At the Alice Munro symposium held at the University of Ottawa earlier this month, scholars from as far away as Brazil, Slovenia and Austria mingled in the lecture hall. There were Americans, too, some audibly from the South (Munro’s small-town Ontario stories often smack of rural Southern literature to U.S. readers). All the varied voices signalled that last fall’s winner of the Nobel Prize for Literature belongs to the world now. In conversation, though, it didn’t take much prompting for the Canadian academics at the gathering to modestly stake a particular sort of claim to her.
For instance, the symposium’s organizer, University of Ottawa English professor Gerald Lynch, grew up in Sarnia, Ont., not far from Wingham, where Munro was born. “I once met Munro and said, ‘My younger sister married a guy from Wingham.’ She said, ‘Who?’ I gave the name and she knew the family. It was great!” Lynch said. David Bentley, a Western University English professor, recalled seeing Munro in the late 1960s, when he was a teenager and she was behind the counter of her then-husband’s bookstore in Victoria. “She was a rather plain, rather quiet woman working the cash register,” Bentley said. Who could have imagined what she would become?
These brush-with-greatness anecdotes convey more than just the fact that Canadians, for all the country’s vastness, tend to run into one another. They suggest how Munro, even though she is now a towering figure, remains an approachable persona. Something similar is true of her short stories. From the podium, experts held forth on their awe-inspiring technical sophistication. Yet discussion would circle back to the way they strike readers as uncannily close—not in what happens, but in how it all feels—to their own experiences. “You know when you wake up from a dream and you can’t tell if it really happened?” said Sandra MacPherson, a University of Ottawa graduate student who helped run the symposium. “She captures so much complex feeling that you don’t know if it’s really happened to you.”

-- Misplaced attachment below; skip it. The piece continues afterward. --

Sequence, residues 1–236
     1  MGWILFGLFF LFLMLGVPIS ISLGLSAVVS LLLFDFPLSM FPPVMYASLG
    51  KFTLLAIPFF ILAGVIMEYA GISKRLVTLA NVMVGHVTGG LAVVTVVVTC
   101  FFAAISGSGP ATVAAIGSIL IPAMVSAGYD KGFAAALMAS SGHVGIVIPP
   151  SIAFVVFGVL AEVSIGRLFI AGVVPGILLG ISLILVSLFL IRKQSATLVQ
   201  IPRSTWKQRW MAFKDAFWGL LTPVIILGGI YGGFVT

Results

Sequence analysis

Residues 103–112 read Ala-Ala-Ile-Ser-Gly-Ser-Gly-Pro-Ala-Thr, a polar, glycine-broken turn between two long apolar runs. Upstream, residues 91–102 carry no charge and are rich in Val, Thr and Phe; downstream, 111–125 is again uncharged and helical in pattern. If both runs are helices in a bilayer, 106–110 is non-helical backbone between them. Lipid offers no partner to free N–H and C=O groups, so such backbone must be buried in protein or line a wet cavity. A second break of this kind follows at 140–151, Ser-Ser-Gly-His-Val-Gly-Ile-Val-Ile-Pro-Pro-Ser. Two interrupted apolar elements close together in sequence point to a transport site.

Trying to understand how that magic works was the symposium’s aim. American short-story theorist Charles May stressed not Munro’s realism, but the “tight control and tension” that puts her in a tradition that starts with Edgar Allan Poe. Bentley revealed how she wove ideas from Freud and Jung, likely picked up in an introductory psychology course, into three stories she published in 1950-51 as an undergrad at Western, hinting at early steps toward her later, much subtler, psychological insight.
However Munro became Munro, once she hit her stride, she never faltered, according to Ann Close, her longtime editor at Knopf, her New York publisher, who attended the symposium for a panel discussion. “Through 11 books, if we have a handful of bad reviews, I would be surprised,” Close said. “In fact, none of them are really bad, and that is just almost unprecedented.”
It’s not that Munro played it safe. The symposium speakers often touched on her daring innovations, especially in manipulating time in her stories. And in her final collection, 2012’s Dear Life, she included several challenging memoir pieces, calling them “autobiographical in feeling, though not, sometimes, entirely so in fact.” What to make of this blurring of genres sparked some debate among the profs and Ph.D. students.
For Close, however, the autobiographical stories felt, from her first reading of them, like the inevitable capstone to Munro’s career. “I didn’t know then that she was going to stop writing, but I thought, ‘This is the end,’ ” she said. “To me, they were completely revelatory in some way.”
Indeed, Munro, 82, has said she’s finished with writing, so the symposium, which was planned well before she won her Nobel, marks a sort of watershed: no new stories from Munro, only plenty of new theories about her. But the way future readers are apt to respond—the feeling that these stories are almost your own, or maybe told by somebody who knows your sister’s husband’s family—seems unlikely ever to change.